Those brethren of more radical or jaded music palates may dismiss the smooth easy listening praise of Integrity Music's DON MOEN as too safe. But for a generation, his smooth as silk praise and worship concoctions are a mighty blessing. Mike Rimmer spoke to the American MOR veteran.
Pick up an album released through those purveyors of praise, Integrity Music, and you'll doubtless find the name Don Moen on there somewhere. He writes songs and produces. He is also a big cheese with the company and just occasionally they allow him out to record an album of his own! He's got plenty to say on the subject of praise and worship and our two trans-Atlantic telephone talks lasted nearly three hours! Before Admiral Cummings faints at the sight of my phone bill, I have to point out that Don was kind enough to call me!
I began by asking him to define his own role in life. "People are always asking how they should introduce me," Don said. "It makes me feel as though I need to get up and administrate praise and worship! In the Executive Vice President role, Creative Director is a closer picture to what I do. You don't normally have this role in a record company - it's an ad agency term. The Creative Director coordinates all the artwork, lyrics, music and overall project, and that's close to what I do. I'm trying to move away from day-to-day marketing and getting into worship ministry. The truer picture of what Don Moen is a Creative Director and worship leader."
If you've taken a close look at the credits for his recent album, 'Rivers Of Joy', you may have noticed that Don is credited with playing violin on the album. What you may not know is that violin was Don's first instrument. I muse that this is a strange choice so he took me back to his childhood. "In my little town up in Minnesota there was this violinist named Dave Rubinoff. I was in the second grade and I remember sitting with my legs crossed on the floor on the school gymnasium. Well, Dave came and played 'The Hot Canary' and he made his violin do funny things. He did some funny jokes. I was just a little kid and I went home and told my mother and father that I wanted to play the violin, all because this guy had made me laugh. That's when I started playing. But of course, I wanted to quit for basketball, because in high school sport is the in-thing. Finally my coach had enough sense to tell me, 'Don, you're never going to play for the NBA! Why don't you stick with the violin!"'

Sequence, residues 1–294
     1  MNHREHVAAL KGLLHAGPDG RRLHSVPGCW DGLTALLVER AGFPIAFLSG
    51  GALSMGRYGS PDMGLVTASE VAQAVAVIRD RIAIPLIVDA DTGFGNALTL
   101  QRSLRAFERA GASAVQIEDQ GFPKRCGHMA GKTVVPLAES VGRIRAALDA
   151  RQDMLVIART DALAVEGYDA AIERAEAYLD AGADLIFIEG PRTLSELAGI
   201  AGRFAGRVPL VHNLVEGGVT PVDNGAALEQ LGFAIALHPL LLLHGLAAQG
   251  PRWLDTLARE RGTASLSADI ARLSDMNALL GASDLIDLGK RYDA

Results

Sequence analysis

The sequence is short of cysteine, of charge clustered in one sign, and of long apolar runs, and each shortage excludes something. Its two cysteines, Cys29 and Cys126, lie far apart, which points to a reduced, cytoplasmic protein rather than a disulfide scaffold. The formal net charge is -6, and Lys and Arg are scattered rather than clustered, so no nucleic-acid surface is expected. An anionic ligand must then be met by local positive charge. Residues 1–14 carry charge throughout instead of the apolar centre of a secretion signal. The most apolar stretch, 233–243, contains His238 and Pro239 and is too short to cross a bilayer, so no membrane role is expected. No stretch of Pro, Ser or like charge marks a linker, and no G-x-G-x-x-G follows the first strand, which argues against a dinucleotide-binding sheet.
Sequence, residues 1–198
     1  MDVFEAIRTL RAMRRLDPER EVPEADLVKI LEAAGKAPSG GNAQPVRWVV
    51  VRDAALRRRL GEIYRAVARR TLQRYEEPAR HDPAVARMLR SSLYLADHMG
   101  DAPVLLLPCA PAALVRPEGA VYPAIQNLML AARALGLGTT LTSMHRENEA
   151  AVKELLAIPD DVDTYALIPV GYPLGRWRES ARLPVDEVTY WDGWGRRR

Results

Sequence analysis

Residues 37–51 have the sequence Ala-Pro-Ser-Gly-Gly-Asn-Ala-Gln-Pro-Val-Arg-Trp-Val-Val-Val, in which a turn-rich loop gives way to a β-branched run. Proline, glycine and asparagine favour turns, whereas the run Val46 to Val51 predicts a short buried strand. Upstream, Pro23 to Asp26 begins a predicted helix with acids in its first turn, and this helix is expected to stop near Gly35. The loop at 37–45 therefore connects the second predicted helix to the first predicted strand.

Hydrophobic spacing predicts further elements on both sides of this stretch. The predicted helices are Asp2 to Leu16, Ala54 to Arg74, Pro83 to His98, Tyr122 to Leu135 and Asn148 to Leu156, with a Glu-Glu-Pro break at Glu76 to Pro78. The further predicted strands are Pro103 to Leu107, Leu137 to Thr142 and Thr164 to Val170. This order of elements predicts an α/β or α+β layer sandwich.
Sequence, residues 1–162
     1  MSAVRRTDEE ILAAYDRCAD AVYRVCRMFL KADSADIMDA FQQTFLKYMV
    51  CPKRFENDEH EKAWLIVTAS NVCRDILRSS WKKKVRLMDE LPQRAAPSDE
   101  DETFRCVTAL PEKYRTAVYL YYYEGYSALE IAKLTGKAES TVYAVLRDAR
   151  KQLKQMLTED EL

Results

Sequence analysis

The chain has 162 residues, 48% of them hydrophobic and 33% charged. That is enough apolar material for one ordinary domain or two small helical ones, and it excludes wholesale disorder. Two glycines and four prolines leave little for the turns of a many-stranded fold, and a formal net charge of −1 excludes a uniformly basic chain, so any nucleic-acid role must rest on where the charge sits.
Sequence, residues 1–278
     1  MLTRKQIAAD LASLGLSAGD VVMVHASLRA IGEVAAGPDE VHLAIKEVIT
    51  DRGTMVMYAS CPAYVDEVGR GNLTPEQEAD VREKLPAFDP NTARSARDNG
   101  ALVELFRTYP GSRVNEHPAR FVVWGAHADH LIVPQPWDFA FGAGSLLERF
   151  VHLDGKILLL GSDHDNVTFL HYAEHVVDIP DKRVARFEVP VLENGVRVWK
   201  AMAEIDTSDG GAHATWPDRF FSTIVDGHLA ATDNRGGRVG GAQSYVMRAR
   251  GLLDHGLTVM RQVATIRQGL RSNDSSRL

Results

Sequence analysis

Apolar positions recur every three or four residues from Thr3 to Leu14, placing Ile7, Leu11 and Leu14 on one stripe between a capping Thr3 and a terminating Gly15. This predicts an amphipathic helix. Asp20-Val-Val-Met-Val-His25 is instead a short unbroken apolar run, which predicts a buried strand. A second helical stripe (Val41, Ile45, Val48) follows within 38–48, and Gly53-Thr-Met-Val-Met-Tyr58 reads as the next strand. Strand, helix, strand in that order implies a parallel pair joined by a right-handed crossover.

Whilst at university Don quit his course and turned his back on music for a while. He recalled, "I thought I had more interests in my life than just playing the violin so I quit and became a lumberjack way up in the freezing cold Minnesota wilderness. After several months of that I realised that playing the violin wasn't all that bad after all!" Visiting a friend at Oral Roberts University in Oklahoma, Don ended up auditioning for their orchestra and got a scholarship to go there. It was while studying there that Don took up the trombone and guitar as well a continuing with violin. He also came into contact with the fledgling contemporary Christian music scene.
Like many Christian musicians at the time, Don was influenced by the ministry of one of Christendom's pioneering bands, Love Song. It was at one of their concerts that God broke into Don's life with fresh vision. Don remembered, "They gave an appeal for people to commit their lives totally to the Lord. I was a Christian but I totally dedicated my life and my music to him at that point. Six months late I ended up joining a group called Living Sound as a guitarist."